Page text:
U.S. Bureau of Labor Statistics data show that computer science and related industries are projected to grow faster than any other over the next 10 years, and U.S. universities are not currently able to meet the projected demand. To combat this problem, a multidisciplinary team at the University of Hawaiʻi at Mānoa received a $300,000 grant from the National Science Foundation to evaluate a new approach to improving engagement, diversity and retention in undergraduate computer science education.
Fewer than 40 percent of students who enter college with the intention of majoring in a STEM (science, technology engineering and mathematics) field, such as computer science, actually complete the degree. In addition, the percentages of women and underrepresented minorities in computer science has been decreasing.
The UH research team, will evaluate a conceptual framework called Degree Experience Plans and its implementation in an open source system called RadGrad.
Collaboratively designed by students, faculty and staff over the past three years, RadGrad provides an alternative perspective on the computer science and computer engineering degree experiences. In RadGrad, successful involvement in extracurricular computer science and engineering activities are valued just as much as coursework. RadGrad avoids the use of GPA as the “metric for success,” using instead a more holistic, three–part measure called ICE or innovation, competency and experience.
Our ultimate goal is to produce innovations that improve retention and diversity in STEM disciplines across the UH System and beyond.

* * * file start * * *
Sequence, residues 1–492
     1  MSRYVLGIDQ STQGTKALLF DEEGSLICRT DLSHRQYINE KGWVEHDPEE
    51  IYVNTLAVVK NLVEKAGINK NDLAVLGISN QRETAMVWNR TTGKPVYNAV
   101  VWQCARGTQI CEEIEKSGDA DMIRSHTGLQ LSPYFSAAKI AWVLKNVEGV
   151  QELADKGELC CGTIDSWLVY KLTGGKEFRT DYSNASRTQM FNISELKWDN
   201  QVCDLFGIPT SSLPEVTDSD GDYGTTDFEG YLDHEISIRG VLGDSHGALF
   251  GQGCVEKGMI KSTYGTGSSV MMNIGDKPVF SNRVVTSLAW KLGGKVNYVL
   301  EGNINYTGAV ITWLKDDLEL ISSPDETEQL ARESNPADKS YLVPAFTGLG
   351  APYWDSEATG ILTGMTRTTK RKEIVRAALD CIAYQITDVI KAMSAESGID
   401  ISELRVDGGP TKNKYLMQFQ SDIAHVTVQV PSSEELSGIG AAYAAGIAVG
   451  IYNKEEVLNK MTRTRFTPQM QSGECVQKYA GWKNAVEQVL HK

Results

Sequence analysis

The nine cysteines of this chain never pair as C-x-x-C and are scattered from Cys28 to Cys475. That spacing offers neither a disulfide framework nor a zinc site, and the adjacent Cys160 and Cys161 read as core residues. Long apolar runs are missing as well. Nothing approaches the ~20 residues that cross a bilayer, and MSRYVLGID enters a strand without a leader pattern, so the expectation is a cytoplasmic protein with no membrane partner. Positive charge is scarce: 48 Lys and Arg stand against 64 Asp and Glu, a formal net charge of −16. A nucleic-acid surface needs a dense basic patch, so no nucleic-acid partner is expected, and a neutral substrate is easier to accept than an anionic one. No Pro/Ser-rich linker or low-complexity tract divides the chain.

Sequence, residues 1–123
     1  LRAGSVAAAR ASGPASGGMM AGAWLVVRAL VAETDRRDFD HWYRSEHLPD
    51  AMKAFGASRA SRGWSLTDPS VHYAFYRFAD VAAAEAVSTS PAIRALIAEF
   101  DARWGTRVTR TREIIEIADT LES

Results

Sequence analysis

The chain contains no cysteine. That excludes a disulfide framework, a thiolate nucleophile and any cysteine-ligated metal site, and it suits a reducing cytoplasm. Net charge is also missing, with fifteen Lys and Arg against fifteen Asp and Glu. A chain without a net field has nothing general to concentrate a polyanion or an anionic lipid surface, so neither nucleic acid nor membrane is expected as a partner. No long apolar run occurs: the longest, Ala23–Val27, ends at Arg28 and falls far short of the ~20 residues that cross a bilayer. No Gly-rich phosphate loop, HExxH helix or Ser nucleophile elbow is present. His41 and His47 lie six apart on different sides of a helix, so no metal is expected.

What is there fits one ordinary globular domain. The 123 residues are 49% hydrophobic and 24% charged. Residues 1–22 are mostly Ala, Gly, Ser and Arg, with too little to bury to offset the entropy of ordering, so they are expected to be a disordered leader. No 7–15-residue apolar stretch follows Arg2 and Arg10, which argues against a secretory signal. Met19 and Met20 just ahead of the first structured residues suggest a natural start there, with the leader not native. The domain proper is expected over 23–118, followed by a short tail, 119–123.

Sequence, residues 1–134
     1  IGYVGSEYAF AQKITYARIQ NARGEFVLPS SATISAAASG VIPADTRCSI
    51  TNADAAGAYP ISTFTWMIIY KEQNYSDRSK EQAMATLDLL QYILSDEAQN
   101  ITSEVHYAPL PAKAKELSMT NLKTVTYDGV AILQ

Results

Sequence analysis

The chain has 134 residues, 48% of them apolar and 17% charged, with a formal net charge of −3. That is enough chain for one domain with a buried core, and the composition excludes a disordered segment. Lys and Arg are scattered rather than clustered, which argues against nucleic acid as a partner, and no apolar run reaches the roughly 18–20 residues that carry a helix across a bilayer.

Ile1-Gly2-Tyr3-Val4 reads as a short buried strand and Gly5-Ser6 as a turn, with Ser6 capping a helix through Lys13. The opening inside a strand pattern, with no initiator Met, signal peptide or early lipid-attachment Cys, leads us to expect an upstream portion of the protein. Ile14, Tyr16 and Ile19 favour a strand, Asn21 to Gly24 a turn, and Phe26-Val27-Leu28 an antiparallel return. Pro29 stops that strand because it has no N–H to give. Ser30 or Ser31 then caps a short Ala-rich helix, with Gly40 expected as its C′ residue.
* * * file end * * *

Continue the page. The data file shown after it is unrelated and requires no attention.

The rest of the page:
Students earn ICE points for activities inside or outside the classroom, and the system provides incentives to earn points in all three areas. RadGrad aligns with and builds upon current research on individual learning plans and communities of practice, both of which have shown promise for improving retention and diversity in educational programs.
The research team is headed by Professor Philip Johnson in the Department of Information and Computer Sciences (ICS), and includes Carleton Moore, an assistant professor in ICS in the College of Natural Sciences, as well as Seungoh Paek and Peter Leong, both associate professors in the Department of Learning Design and Technology in the College of Education.
“We’ve been designing and piloting RadGrad for several years, and we are excited that this grant will enable us to fully evaluate our approach and the technology,” said Johnson. “Our ultimate goal is to produce innovations that improve retention and diversity in STEM disciplines across the UH System and beyond.”